Wednesday, August 21, 2013

Building Your Athletic Resume

In high school you hear people all the time saying “Oh, that would be great on your resume”. For student athletes, it’s tough to add more activities outside of academics and your sport. However, making the effort to give back outside of these two commitments can really boost your resume as well as make you feel fulfilled and successful, not to mention help others! I would recommend committing to a volunteer group or club at
school that you feel passionate about. Does your church do mission trips that don’t interfere with your season? Are you passionate about the environment and your school has a Sustainability club? These activities bring balance into your schedule and give you an opportunity to give back to your community. Being involved in clubs or volunteer groups also shows that you are a leader outside of school and off the field.

Of course, as an athlete, it can be difficult to make time for countless other opportunities. When writing your resume think about the langauge you use and feel free to use athletic accomplishments to show your level of commitment, leadership, or hard work. You can include a section for Athletic Achievements or add to your Extra Curriculars by including things like “Newcomer of the year by the Sunset League in 2012″ or “Four time Player of the Week in the Horizon League”.  In your resume make sure to always use action verbs. For example:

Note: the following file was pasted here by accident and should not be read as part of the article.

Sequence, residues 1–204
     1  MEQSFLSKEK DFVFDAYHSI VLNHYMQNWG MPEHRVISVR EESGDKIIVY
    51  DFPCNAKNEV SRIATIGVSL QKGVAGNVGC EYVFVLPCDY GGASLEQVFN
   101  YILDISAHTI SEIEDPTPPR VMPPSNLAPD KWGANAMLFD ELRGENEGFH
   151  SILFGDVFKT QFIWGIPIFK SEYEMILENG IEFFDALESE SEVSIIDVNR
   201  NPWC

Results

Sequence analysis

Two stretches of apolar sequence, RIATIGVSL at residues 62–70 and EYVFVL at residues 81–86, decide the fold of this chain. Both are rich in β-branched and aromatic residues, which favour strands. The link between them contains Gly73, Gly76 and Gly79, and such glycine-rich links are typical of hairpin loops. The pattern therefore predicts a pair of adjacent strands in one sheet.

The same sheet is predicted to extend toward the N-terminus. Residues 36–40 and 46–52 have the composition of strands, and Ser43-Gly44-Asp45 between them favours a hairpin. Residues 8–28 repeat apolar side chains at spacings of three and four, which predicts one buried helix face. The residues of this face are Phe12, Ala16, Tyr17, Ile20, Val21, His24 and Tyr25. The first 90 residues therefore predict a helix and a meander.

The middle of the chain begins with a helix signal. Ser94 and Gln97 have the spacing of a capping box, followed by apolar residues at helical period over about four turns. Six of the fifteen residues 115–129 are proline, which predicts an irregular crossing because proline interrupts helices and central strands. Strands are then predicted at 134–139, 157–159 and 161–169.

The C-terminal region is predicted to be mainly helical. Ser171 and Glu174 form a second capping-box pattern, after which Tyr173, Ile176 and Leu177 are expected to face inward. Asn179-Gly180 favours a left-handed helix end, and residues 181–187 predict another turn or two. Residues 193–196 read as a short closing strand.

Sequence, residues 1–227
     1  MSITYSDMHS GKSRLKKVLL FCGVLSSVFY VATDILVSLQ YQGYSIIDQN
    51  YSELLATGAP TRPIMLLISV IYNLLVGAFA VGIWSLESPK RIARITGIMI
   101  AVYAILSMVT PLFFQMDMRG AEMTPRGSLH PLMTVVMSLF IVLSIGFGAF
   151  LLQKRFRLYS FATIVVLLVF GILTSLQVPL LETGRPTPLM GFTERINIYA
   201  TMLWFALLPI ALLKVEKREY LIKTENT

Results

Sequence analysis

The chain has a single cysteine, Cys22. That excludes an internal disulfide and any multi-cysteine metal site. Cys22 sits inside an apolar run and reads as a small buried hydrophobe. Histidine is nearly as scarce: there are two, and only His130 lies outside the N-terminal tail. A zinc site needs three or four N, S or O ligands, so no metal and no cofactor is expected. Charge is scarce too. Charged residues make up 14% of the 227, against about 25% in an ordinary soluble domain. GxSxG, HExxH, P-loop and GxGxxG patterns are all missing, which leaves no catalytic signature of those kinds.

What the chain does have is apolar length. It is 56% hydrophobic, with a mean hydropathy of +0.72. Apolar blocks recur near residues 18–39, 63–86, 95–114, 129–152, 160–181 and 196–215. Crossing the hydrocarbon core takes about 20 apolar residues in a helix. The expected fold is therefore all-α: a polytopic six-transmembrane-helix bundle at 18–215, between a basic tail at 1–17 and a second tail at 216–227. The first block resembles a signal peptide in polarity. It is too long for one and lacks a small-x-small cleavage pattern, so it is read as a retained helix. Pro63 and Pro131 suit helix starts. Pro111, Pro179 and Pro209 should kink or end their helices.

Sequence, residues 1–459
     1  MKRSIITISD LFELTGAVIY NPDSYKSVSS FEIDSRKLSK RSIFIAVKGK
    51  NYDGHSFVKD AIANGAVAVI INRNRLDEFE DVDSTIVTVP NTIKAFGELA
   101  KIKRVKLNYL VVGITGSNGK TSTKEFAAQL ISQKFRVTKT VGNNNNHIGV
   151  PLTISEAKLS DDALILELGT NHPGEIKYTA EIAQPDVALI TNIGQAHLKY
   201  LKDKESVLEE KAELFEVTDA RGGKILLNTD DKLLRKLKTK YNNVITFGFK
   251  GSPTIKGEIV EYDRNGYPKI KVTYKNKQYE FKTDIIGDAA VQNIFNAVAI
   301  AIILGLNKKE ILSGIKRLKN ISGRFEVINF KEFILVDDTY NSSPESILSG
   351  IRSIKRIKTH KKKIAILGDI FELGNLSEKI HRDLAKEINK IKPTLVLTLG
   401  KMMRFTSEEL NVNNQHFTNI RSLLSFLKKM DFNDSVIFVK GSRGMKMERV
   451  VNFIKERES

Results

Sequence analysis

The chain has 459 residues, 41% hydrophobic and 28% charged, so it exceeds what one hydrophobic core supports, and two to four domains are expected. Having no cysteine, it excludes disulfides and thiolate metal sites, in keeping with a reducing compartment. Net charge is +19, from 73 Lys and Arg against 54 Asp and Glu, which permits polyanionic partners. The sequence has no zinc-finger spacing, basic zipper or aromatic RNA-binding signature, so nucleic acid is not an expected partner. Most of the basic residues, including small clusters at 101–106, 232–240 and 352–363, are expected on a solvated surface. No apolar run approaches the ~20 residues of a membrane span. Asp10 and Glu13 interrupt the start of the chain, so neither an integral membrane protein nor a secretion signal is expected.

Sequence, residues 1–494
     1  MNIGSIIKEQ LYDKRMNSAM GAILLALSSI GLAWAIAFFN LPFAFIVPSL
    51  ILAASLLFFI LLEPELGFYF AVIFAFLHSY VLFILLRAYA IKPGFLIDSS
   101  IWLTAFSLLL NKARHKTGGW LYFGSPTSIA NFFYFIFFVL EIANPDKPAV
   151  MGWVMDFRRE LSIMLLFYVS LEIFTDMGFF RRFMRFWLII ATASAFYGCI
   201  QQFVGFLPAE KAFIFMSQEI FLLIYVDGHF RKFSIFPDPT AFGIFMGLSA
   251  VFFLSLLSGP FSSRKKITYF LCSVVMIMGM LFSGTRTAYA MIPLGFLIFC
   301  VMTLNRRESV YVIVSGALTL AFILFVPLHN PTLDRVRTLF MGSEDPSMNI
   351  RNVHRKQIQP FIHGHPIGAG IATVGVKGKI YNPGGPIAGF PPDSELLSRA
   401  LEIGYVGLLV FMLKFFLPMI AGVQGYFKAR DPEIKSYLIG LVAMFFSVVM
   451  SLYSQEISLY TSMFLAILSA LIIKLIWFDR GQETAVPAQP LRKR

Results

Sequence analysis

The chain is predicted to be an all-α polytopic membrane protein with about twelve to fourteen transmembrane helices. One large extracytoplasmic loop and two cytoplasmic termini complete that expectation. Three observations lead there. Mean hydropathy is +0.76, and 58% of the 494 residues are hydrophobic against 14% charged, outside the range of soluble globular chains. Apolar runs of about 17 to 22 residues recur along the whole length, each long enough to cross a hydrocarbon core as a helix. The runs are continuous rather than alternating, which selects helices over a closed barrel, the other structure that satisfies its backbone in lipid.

Leadership Experience
Highland Park High School Women’s Lacrosse Team, Captain 2011-2012
  • Lead the varsity team to a State Championship
  • Dedicated 8 extra hours a week to plan team events and review goals with coaches
Building your resume can be challenging, highlighting your participation in events that  make you stand out and using the correct language will make your resume stronger. I encourage you to think about your volunteer and club opportunities this school year. Giving back is an important aspect in becoming an Athleader and continually learning and helping others. Your sport is a vehicle for success in and after college, and volunteering can be a great way to stand out to college coaches, administrators, and even potential employers.

Friday, August 16, 2013

NCAA Eligibility Blunders

If you are a potential NCAA DI or DII recruit, one of the most important things you need to be aware of is your NCAA eligibility status.
The NCAA uses a sliding scale that says, in order to be eligible to compete at the DI level, you need to have at least a 2.0 GPA and a cumulative 1010 SAT/86 ACT score (or a 2.3 GPA and a cumulative 900 SAT/ 75 ACT if you are a 2016 grad or younger). The DII level is a minimum 2.0 GPA and a cumulative 820 SAT/68 ACT for all grad classes.
But knowing your grades and test scores is the easy part…
Where most families run into trouble is with the core course requirements. Along with your minimum GPA and test scores, you are required to complete 16 NCAA approved core courses in your first 8 semesters of high school. Any class deemed ‘non-traditional’ by the NCAA because it fails to meet a specific set criteria will not count and can threaten your eligibility.